The Independent Pay Review Body's (IPRB) recommendation of a 1% pay increase for staff working in the NHS has been accepted by the Government.
In line with previously published pay policy, those in Scotland earning below £22,000 will receive a minimum increase of £400 in addition to the 1% award. Staff in Wales will receive the Living Wage Foundation living wage as a minimum.
There is no response to the pay recommendation yet in Northern Ireland as power-sharing talks continue.
The recommendation has been criticised by health unions, including the SoR, for failing to match the rising costs of living for NHS staff around the UK.
Paul Moloney, SoR Industrial Relations Manager, commented on the announcement, saying: "Members will inevitably feel let down by the IPRB and the process that is supposed to objectively and independently look at an appropriate increase for those working in the NHS.
“Instead, what we appear to have is the IPRB ignoring all of the arguments made by the SoR and others about fairness, the need to return to UK wide pay rates, retention and recruitment problems, morale and the unethical position of relying totally on the goodwill of staff without any reciprocation.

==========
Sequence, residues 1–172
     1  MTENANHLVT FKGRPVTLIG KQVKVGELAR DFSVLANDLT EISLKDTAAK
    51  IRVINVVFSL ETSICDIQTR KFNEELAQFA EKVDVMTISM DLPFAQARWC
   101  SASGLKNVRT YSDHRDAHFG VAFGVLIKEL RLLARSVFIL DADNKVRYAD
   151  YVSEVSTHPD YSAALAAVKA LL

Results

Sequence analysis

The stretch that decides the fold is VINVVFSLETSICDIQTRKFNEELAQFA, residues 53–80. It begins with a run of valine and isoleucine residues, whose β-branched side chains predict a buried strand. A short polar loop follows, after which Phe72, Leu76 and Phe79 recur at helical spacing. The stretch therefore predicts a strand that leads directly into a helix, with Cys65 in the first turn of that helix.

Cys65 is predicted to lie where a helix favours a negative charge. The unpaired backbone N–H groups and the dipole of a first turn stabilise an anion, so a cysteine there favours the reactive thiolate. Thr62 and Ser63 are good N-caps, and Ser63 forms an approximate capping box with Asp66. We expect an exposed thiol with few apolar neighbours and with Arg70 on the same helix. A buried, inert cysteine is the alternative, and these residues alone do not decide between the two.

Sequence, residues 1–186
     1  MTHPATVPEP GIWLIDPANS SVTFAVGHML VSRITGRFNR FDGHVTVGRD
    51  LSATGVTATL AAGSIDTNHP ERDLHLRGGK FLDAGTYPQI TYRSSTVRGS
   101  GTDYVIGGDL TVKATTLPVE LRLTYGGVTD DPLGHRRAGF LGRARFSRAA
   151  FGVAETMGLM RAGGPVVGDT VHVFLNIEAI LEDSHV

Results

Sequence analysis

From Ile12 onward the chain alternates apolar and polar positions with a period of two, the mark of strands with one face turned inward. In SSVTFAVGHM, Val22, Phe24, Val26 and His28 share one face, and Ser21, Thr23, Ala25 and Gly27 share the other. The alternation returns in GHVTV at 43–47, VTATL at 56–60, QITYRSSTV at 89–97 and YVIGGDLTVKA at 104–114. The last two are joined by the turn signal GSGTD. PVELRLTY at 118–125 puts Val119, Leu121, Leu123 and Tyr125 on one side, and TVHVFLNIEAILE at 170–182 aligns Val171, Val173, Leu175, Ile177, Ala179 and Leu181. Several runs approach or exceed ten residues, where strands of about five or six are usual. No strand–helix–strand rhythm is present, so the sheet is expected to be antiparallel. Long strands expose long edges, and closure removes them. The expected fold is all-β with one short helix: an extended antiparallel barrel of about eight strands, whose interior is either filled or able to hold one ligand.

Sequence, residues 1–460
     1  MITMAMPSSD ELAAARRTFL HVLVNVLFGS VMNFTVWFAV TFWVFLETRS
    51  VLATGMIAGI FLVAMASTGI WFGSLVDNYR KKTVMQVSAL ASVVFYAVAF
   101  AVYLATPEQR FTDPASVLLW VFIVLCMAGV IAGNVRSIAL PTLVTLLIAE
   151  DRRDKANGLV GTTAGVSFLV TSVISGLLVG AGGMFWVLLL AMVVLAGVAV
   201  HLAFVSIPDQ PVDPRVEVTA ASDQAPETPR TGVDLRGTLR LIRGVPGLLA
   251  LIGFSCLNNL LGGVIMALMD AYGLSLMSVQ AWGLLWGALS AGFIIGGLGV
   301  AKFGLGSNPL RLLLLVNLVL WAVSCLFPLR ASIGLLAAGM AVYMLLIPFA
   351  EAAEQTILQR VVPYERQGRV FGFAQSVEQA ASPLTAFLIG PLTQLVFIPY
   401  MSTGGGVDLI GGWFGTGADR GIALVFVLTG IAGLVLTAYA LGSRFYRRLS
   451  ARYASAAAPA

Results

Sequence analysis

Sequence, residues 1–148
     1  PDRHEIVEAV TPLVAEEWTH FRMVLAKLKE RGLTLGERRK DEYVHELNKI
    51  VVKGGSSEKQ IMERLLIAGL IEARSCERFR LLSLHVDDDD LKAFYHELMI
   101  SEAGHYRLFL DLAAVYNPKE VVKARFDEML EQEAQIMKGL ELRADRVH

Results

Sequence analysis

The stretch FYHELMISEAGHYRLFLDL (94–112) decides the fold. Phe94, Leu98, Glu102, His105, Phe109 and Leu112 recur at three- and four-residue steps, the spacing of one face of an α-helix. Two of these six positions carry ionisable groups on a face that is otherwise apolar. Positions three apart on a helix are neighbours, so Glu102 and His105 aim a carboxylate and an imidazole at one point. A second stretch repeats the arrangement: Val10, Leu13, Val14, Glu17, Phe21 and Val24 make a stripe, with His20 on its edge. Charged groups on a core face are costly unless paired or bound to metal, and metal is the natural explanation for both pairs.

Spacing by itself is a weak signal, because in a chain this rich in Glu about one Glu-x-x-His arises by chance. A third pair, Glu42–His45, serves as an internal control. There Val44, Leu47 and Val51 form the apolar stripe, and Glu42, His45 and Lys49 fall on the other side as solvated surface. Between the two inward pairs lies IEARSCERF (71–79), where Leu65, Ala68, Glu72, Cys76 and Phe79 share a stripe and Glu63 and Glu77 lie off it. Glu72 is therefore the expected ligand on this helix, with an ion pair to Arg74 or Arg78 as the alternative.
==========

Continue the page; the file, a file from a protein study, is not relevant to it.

“Instead they appear to have accepted in full the government’s pay cap announced a few years ago when inflation was virtually non-existent.
“This will inevitably lead to questions being asked about just how independent the Pay Review Body is.”
Last year, 15 NHS trade unions, including the Society of Radiographers, wrote to the Chancellor of the Exchequer Philip Hammond urging him to reconsider the cap of 1% on NHS pay increases.
In the letter, the unions raised concerns about how the cap affects the independence of the Pay Review Body, and implored the government to allow the body to make an independent and impartial recommendation.
Paul added: “The SoR has policies of supporting the IPRB process and its recommendations. This will be particularly difficult this year now that inflation is significantly higher than it has been in recent years."
Christina McAnea, the spokesperson for unions representing staff working in the NHS, said in a statement: “This deal amounts to less than five pounds a week for most midwives, nurses, cleaners, paramedics, radiographers and other healthcare staff.
"It's a derisory amount in the face of soaring fuel bills, rising food prices and increasing transport costs.
"The government's insistence on the 1% cap has tied the PRB's hands. It can no longer prevent health employees' pay falling way behind wages in almost every part of the economy.
"Without the cash to hold onto experienced employees, the NHS staffing crisis will worsen as people leave for less stressful, better rewarded jobs elsewhere. This can only be bad news for patients.
"This unfair settlement is yet more evidence of the government’s failure to invest in the NHS. Ministers must stop relying on goodwill, rethink this short-sighted pay policy and reward staff properly.”